In Summer 2014, I joined the Farallones Marine Sanctuary Association in San Francisco as the Science Education and Technology Specialist for LiMPETS (Long-term Monitoring Program and Experiential Training for Students). LiMPETS is an environmental monitoring and education program for students, educators, and volunteer groups throughout California. Approximately 5,500 teachers and students along the coast of California are involved with the collection of rocky intertidal and sandy beach data as part of the LiMPETS network.
I wish I got to do something like the LiMPETS program when I was growing up! It is amazing to see young adults get excited about marine biology as they identify animals in tide pools and core the beach for sand crabs. Along with taking students out in the field, I am developing new teaching tools and working on outreach. LiMPETS is growing and it is exciting to be a part of this great program.
In Summer 2013 and 2014 aboard the Nathaniel B. Palmer icebreaker, I joined an amazing group of scientists from the US, Chile, Peru, Belgium and Italy to research the ecosystem along the coast of the Antarctic Peninsula. The Antarctic Marine Living Resources (AMLR) program, funded by NOAA, contributes to the global mission of CCAMLAR (Commission for the Conservation of Antarctic Marine Living Resources), which regulates the krill fishery in the Southern Ocean.
I'm thrilled to have contributed as a zooplankton scientist on the 30-day expeditions. Along with examining zooplankton - specifically krill - distribution, the expeditions also investigated phytoplankton and microbial composition in the water column and Antarctic ice as well as marine mammal and seabird distribution across the Antarctic Peninsula.
I had the wonderful opportunity to join the San Diego Coastal Expedition last year when fellow graduate students from Scripps Institution of Oceanography (SIO) discovered a 1,040 meter-deep methane seep 20 miles off the coast of San Diego. The San Diego Coastal Expedition recovered sulfidic sediments, carbonate rocks, and biological evidence of a diverse chemosynthetic-based community. Geologists saw disruption in sedimentary rock from multibeam sonar and acoustic data indicating fluid was seeping from the seafloor. We collected sediment cores with a multicore to recover organisms from the seep. The most exciting find was siboglinid worms at the San Diego seep site indicating chemoautotrophic symbiosis.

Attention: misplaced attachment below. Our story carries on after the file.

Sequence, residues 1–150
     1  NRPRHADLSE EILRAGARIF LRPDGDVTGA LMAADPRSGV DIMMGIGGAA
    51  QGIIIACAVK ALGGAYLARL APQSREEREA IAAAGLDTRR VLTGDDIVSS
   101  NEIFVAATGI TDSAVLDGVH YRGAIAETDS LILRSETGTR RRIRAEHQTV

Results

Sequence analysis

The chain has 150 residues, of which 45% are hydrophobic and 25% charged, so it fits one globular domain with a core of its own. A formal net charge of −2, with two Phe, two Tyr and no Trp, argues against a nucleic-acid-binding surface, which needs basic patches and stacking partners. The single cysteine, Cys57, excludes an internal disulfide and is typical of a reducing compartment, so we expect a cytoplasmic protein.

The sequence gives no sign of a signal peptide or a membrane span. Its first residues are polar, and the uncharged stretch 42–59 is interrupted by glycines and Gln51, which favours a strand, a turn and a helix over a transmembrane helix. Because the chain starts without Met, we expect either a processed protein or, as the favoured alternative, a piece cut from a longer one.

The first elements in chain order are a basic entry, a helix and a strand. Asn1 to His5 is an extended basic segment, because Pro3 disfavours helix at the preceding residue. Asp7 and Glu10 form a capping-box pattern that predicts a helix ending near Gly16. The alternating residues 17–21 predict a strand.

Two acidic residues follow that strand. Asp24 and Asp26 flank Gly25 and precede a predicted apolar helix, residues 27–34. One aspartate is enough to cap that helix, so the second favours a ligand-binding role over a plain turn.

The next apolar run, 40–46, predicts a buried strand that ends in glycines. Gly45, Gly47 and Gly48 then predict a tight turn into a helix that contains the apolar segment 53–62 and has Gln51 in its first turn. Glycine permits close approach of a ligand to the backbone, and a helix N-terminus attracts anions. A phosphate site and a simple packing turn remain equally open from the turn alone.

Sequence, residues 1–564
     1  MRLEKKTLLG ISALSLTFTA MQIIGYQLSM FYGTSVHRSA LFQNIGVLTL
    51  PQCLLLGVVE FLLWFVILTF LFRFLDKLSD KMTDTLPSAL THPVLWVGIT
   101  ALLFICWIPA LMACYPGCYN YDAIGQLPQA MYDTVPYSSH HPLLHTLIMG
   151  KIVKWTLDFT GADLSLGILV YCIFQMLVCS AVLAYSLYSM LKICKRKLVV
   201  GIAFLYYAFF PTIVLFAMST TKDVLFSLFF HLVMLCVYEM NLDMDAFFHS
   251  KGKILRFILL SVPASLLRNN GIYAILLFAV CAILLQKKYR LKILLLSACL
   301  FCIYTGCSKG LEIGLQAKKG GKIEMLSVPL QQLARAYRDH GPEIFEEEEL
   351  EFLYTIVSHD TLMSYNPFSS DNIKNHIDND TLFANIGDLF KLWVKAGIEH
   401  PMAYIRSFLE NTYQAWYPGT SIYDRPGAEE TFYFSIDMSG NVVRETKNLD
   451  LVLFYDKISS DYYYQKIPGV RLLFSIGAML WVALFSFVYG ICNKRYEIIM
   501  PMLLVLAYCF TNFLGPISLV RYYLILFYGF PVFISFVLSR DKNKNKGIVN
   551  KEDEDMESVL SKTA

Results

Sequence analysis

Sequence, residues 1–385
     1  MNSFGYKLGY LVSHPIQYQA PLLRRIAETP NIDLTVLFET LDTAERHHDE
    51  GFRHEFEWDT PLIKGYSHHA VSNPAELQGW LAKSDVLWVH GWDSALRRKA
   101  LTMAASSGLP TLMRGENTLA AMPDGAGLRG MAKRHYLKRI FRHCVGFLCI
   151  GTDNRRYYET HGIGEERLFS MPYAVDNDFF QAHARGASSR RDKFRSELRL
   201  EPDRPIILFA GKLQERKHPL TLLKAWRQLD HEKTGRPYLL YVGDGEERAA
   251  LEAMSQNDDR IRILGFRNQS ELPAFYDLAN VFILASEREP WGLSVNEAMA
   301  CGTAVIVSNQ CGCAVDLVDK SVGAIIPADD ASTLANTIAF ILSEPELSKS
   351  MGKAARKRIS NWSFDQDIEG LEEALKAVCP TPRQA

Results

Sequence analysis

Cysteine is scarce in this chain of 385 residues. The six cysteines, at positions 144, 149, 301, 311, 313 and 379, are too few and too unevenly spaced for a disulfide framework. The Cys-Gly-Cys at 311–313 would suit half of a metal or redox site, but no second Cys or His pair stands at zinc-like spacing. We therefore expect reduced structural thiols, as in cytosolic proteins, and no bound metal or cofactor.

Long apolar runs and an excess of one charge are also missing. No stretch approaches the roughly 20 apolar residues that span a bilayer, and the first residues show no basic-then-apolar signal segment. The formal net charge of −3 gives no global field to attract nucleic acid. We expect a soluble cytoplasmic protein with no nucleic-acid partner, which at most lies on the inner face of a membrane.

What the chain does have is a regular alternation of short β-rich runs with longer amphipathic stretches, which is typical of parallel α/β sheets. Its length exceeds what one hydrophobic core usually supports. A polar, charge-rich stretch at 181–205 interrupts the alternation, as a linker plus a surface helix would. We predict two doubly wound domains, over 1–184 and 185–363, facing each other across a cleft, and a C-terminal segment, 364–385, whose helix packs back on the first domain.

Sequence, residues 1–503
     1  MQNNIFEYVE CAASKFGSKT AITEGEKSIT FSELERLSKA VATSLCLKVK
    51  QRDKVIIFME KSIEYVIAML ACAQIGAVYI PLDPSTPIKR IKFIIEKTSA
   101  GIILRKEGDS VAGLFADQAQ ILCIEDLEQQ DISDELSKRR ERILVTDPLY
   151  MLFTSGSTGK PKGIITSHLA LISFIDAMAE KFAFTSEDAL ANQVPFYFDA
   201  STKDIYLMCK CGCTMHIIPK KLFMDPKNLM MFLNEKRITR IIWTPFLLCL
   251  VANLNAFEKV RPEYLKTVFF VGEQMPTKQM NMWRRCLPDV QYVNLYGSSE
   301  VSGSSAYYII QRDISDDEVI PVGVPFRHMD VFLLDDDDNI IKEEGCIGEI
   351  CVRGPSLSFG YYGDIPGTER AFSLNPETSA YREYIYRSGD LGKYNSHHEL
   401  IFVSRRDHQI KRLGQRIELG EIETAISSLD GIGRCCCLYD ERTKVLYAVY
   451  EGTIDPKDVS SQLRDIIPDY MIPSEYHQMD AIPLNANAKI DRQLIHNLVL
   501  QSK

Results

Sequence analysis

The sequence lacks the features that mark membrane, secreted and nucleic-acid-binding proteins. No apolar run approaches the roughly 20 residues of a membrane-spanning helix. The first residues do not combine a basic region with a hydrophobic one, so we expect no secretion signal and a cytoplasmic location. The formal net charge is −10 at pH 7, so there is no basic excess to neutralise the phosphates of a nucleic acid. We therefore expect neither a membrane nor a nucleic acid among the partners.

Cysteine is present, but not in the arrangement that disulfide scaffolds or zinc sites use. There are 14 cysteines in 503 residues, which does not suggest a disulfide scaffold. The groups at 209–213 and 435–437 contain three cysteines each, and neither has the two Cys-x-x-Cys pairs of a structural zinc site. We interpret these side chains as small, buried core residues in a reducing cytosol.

During my time earning my Master's degree at Scripps Institution of Oceanography (UCSD), I worked with Dr. Lisa Levin and Dr. Ben Grupe on examining the biological community of the Del Mar methane seep; I looked at the sediment samples collected on the cruise and found a crazy variety of invertebrates!
In June 2011, I joined The Ocean Foundation and the University of Havana aboard the Sirenuse to investigate the coral reefs in Jardines de la Reina. There we encountered the enormous Goliath Grouper as well as numerous Caribbean Reef sharks. Most of the Jardines de la Reina area is a Marine Protected Area, and because of this, these reefs are some of the most healthy in the Caribbean. Big thanks to Ann and the Sirenuse crew for their amazing contribution to the project.
It was amazing seeing these beautiful reefs and meeting the American and Cuban scientists working on the project. To see my pictures from the expedition, go to my Cuba photography page.
Anderson Cooper came aboard the Sirenuse to report on the expedition and its findings. Dr. David Guggenheim, the head scientist, shows Cooper the reef's vibrant and rich ocean life in the 60 Minutes segment: Gardens of the Queen. To see the full story, click here.